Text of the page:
I need to do a multiple linear regression in Stata. My dependent variable is a dummy variable. We are new to Stata, and need graphs to do explanatory statistics. When we create graphs, it obviously only appears as two solid lines of data points. How do we interpret, or is there an additional command that will draw a graph which we can more clearly analyse?

Original post by AJStonee

I need to do a multiple linear regression in Stata. My dependent variable is a dummy variable. We are new to Stata, and need graphs to do explanatory statistics. When we create graphs, it obviously only appears as two solid lines of data points. How do we interpret, or is there an additional command that will draw a graph which we can more clearly analyse?

Original post by mqb2766

Not used stata, but youd really need to be a lot more specific about what youre trying to do (can you post the original question), what the data is like and what youve done. So generally you assume a linear relationship so why is it binary, what do you mean by a dummy dependent variable, what sort of exploratory stats are you trying to do, what lines are you talking about ....

Thank you for your response, however I am looking for advice specific to stata

Original post by AJStonee

The dependent variable (y) is a dummy variable and hence binary (as it takes the form 1 or 0).

Thank you for your response, however I am looking for advice specific to stata

Thank you for your response, however I am looking for advice specific to stata

Original post by mqb2766

Trying to model a binary variable using multiple linear regression is problematic at best. Are you really trying to do this, or just looking at summary stats of the independent variables?

Id agree that youre really trying to model the probability if the dependent variable is binary. Basic multiple linear regression does not do this. It would help to see the question as well as you describing what youve covered on your (uni?) courses if you want some appropriate advice.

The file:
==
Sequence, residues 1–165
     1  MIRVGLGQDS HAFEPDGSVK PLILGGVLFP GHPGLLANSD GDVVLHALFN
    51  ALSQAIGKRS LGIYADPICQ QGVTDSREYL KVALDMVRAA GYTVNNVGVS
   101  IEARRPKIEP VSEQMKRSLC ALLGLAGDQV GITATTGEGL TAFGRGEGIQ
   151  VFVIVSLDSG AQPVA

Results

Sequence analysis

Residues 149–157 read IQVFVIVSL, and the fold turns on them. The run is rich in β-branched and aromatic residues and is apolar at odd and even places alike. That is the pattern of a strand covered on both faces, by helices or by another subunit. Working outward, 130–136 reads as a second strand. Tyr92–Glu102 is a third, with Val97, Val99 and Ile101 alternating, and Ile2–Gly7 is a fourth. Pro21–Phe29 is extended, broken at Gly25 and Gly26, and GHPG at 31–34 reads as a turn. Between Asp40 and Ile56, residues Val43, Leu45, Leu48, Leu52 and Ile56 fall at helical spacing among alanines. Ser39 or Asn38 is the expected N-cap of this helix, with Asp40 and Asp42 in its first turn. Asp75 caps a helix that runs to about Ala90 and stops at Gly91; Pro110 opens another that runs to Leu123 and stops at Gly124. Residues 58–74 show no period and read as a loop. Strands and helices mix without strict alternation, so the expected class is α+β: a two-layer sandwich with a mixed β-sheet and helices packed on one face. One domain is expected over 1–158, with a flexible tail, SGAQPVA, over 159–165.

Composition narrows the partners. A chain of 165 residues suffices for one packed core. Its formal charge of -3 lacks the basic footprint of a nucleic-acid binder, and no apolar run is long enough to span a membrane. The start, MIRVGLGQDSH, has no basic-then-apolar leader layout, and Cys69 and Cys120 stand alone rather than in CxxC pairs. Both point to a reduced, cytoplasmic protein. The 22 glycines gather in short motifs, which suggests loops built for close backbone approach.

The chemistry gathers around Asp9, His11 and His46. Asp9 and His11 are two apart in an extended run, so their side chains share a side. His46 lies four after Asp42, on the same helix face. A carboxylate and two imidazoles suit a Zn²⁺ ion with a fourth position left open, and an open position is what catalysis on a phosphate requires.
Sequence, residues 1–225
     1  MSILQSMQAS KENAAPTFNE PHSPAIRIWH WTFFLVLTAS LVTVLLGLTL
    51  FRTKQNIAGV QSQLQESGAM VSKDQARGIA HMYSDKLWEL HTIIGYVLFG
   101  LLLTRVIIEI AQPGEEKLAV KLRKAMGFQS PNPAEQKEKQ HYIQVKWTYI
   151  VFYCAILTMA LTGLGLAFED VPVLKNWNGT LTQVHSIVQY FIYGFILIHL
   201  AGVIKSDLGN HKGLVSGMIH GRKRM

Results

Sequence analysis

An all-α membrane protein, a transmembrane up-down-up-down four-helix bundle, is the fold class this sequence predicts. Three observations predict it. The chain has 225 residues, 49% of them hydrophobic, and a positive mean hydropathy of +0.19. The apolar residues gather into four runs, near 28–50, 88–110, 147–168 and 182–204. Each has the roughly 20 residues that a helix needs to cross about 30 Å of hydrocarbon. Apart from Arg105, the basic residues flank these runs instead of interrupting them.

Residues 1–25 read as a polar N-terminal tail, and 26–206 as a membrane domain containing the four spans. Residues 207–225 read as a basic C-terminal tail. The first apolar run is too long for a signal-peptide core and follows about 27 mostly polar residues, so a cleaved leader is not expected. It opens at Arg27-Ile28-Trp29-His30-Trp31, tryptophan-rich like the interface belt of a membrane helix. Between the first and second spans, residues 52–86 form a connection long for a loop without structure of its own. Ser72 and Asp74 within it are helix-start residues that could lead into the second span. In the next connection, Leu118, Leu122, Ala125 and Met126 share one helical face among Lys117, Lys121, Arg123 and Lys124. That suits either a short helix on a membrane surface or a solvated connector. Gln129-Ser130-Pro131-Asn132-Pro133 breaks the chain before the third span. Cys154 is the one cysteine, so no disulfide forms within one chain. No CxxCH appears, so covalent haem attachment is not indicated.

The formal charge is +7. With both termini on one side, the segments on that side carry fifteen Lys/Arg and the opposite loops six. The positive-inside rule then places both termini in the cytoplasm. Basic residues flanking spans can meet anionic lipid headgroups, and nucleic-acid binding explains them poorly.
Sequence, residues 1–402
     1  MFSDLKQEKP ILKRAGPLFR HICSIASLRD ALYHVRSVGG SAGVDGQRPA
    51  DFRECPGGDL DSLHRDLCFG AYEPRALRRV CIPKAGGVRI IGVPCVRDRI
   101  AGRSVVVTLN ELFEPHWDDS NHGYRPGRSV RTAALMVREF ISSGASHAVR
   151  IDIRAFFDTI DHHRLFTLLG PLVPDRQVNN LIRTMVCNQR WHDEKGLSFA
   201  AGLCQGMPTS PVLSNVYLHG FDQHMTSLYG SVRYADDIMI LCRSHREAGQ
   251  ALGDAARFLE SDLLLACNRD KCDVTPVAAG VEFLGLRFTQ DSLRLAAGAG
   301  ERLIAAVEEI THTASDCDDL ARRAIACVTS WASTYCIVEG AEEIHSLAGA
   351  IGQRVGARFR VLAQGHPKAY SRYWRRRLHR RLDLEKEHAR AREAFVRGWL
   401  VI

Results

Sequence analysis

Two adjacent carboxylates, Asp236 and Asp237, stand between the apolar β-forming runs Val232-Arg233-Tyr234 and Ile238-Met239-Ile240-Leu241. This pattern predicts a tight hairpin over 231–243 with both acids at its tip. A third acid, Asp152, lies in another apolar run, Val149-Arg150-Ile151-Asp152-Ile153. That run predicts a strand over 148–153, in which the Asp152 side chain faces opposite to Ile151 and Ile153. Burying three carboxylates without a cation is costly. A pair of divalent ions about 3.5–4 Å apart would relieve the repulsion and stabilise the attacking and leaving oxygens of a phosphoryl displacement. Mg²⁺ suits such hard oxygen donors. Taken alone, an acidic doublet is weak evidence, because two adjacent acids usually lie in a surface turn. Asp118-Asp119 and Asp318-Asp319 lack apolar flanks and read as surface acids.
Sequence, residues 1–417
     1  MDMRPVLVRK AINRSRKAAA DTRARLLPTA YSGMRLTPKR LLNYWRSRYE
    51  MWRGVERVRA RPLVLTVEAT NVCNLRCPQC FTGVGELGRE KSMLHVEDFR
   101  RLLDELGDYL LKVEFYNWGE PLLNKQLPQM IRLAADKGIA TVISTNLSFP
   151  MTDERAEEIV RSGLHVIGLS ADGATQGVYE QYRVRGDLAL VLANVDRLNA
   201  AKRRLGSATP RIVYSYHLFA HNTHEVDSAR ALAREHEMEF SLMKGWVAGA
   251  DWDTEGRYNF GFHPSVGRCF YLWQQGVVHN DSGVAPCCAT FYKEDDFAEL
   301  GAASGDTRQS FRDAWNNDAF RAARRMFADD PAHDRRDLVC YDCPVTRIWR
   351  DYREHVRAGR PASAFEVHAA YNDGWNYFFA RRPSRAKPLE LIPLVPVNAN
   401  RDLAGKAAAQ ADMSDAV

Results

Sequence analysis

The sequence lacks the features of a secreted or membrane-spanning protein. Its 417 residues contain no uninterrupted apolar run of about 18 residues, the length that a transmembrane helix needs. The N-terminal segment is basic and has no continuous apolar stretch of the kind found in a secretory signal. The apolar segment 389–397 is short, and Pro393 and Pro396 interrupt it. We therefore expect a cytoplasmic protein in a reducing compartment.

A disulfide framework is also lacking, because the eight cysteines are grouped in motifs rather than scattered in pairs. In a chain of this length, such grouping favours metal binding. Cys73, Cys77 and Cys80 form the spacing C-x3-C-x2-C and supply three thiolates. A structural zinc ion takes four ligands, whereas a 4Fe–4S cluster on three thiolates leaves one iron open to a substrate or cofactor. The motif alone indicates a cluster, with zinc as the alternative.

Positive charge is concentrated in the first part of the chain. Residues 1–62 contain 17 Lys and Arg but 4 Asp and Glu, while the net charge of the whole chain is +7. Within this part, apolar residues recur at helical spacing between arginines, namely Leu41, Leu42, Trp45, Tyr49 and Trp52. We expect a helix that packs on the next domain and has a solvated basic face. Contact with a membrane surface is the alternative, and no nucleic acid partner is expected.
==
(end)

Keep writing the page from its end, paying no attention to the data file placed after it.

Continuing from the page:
Original post by mqb2766

Id agree that youre really trying to model the probability if the dependent variable is binary. Basic multiple linear regression does not do this. It would help to see the question as well as you describing what youve covered on your (uni?) courses if you want some appropriate advice.

Thanks so much for taking the time to respond by the way!

Original post by AJStonee

We have no question, as we have to form our own analysis, however i am studying econometrics. We have covered slightly beyond basic MLR alongside the Woolridge textbook.

Thanks so much for taking the time to respond by the way!

Thanks so much for taking the time to respond by the way!

There are generally a number of ways of approaching the analysis and without some context about the previous questions its hard to really give useful advice. If you want some advice, pls provide a fair bit more info about the previous questions or have a chat with your tutor/lecturer who will know all this.

We have no question, as we have to form our own analysis, however i am studying econometrics. We have covered slightly beyond basic MLR alongside the Woolridge textbook.

Thanks so much for taking the time to respond by the way!

Thanks so much for taking the time to respond by the way!

http://fmwww.bc.edu/gstat/examples/wooldridge/wooldridge.html

There are some summary stats for each of the examples/data sets.

As above though, you really need to be more specific to get some help or if youre having trouble getting started, ask your lecturer/tutor.

Original post by mqb2766

I did a quick google before turning in and I presume youre talking about one of the data sets in chapter 7 in

http://fmwww.bc.edu/gstat/examples/wooldridge/wooldridge.html

There are some summary stats for each of the examples/data sets.

As above though, you really need to be more specific to get some help or if youre having trouble getting started, ask your lecturer/tutor.

http://fmwww.bc.edu/gstat/examples/wooldridge/wooldridge.html

There are some summary stats for each of the examples/data sets.

As above though, you really need to be more specific to get some help or if youre having trouble getting started, ask your lecturer/tutor.

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